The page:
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Historic Block Grant Rescues a Rockaways Mitchell-Lama Co-op

Lisa L. Colangelo in Legal/Financial

Rockaway Beach

Rockaway Grant

A promotional ad for the Nordeck Apartments from the 1950s (courtesy of Columbia University Libraries)

When Hurricane Sandy roared through the Rockaway Peninsula in 2012, the Nordeck Apartments were in her crosshairs. Water flooded the basements and winds ripped at the rooftops of this 343-unit Mitchell-Lama co-op, causing more than $1million in damage and blowing a hole into its finances.

But members of the co-op board were determined to revitalize the six buildings in this affordable complex. “We love the area we’re in,” says Sharon Hamlin, president of the co-op board. “It is worth fighting for.”

Years of dogged determination paid off in late December when Nordeck secured $46.1 million in federal Community Development Block Grant Disaster Recovery funds from the city’s Housing Development Corporation (HDC) to pay for repairs and make the complex more resistant to future storms. HDC officials say it is the largest storm-recovery block grant they have issued to date, a program that was modified to help co-ops and condos shortly after Sandy.

“With the future of the development at risk, this deal presented an opportunity to build back the property even better than it was before,” says Paula Roy Carethers, executive vice president for real estate at HDC.

The Nordeck was built in the late 1950s as a co-op for middle-class families under the newly enacted Mitchell-Lama law. Ironically, the board was poised to start a rehabilitation project in the fall of 2012, just weeks before Sandy hit. “We had been talking with the state about refinancing to take care of much-needed repairs to the facade and the roof,” says the co-op’s attorney Karol Robinson, of Norris McLaughlin & Marcus.

In 2008, the board had worked out a 20-year, $5.6 million refinancing loan with Wachovia (later taken over by Wells Fargo) to pay off the existing mortgage and fund the renovations. Mother Nature, however, had other plans. The storm knocked out the development’s single-boiler system and its electricity. There was no heat, hot water, or elevator service. And there was water everywhere. Vacancies shot up, and then Wells Fargo came knocking.

“It took months to get back on track, even years,” says Hamlin. “We’re still not back on track.”

The board reached out to city, state and federal officials as well as local lawmakers.
They connected with HDC, the city Department of Housing Preservation and Development, and the state Department of Homes and Community Renewal.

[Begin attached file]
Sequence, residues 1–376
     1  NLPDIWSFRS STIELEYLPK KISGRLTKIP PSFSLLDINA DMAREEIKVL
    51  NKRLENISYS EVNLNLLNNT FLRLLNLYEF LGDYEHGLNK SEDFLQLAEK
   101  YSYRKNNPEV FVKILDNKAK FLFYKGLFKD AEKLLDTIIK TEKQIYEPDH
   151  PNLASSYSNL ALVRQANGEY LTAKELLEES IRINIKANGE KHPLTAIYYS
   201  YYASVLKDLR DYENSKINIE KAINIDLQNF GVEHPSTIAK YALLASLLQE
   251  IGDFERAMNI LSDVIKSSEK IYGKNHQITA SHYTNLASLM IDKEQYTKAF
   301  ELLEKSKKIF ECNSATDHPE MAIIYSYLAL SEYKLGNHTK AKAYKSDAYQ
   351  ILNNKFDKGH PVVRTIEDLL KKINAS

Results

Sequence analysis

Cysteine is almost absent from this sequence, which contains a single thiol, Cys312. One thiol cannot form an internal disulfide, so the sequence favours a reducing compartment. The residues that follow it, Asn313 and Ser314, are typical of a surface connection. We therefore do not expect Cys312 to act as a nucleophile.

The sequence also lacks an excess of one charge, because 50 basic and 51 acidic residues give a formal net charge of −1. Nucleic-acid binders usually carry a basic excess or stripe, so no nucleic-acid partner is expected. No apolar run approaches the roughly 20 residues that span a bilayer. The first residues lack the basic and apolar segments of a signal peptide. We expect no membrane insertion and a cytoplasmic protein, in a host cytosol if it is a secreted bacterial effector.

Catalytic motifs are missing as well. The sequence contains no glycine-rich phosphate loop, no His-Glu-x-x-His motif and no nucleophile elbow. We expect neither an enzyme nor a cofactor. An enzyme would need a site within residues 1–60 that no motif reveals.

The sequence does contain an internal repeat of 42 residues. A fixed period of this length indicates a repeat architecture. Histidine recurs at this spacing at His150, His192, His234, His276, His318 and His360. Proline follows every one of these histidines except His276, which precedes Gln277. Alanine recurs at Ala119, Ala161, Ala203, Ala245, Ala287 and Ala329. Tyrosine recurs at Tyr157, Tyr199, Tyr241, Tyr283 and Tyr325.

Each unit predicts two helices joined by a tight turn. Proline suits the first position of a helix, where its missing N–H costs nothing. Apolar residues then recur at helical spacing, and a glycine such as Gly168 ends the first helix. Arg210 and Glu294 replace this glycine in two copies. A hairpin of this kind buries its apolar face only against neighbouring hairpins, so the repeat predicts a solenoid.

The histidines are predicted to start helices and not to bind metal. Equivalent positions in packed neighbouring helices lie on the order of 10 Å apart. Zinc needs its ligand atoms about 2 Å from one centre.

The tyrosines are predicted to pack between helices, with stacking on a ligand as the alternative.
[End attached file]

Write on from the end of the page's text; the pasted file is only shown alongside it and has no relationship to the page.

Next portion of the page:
In Sept. 2014, HDC and the co-op closed on $7.6 million in short-term bridge financing to pay off the Wells Fargo loan and fund short-term repairs. Negotiations to stabilize Nordeck’s finances continued while the board worked with engineers on a rehabilitation plan. Hamlin says one of the top priorities was getting a new, above-ground boiler system. The old system featured a single underground boiler, with pipes stretching out to all six buildings – which proved a devastating vulnerability when Sandy came knocking.

“Now each building will have a freestanding boiler system,” Hamlin says. “If one boiler goes down, it will impact that one location – not every building.”

In Oct. 2016, HPD gave the co-op a reimbursement loan for $1.15 million to pay for some of the storm damage and emergency repairs. In December, HDC and Nordeck celebrated the closing of $16.2 million to refinance the 2014 bridge loan and a $46.1 million resiliency loan to pay for large-scale renovations.

In addition to the six boilers, the funds will pay for new roofs on five of the buildings (the sixth has already been completed), plus new windows and electrical upgrades in every unit. Twenty vacant units will undergo total renovations to make them compliant with the Americans with Disabilities Act. Facades and fire-escape railings will be repaired. An additional power source for the generator will be installed in each building. In return, Nordeck must remain an affordable co-op in the Mitchell-Lama program for another 30 years.

“The people who stayed are here because we love Rockaway,” says Hamlin. “And Rockaway property values are increasing every day.”

PRINCIPAL PLAYERS: MANAGEMENT: FirstService Residential. ENGINEER: Rand Engineering & Architecture. GENERAL CONTRACTOR: Skyline Restoration. ATTORNEY: Norris McLaughlin & Marcus.

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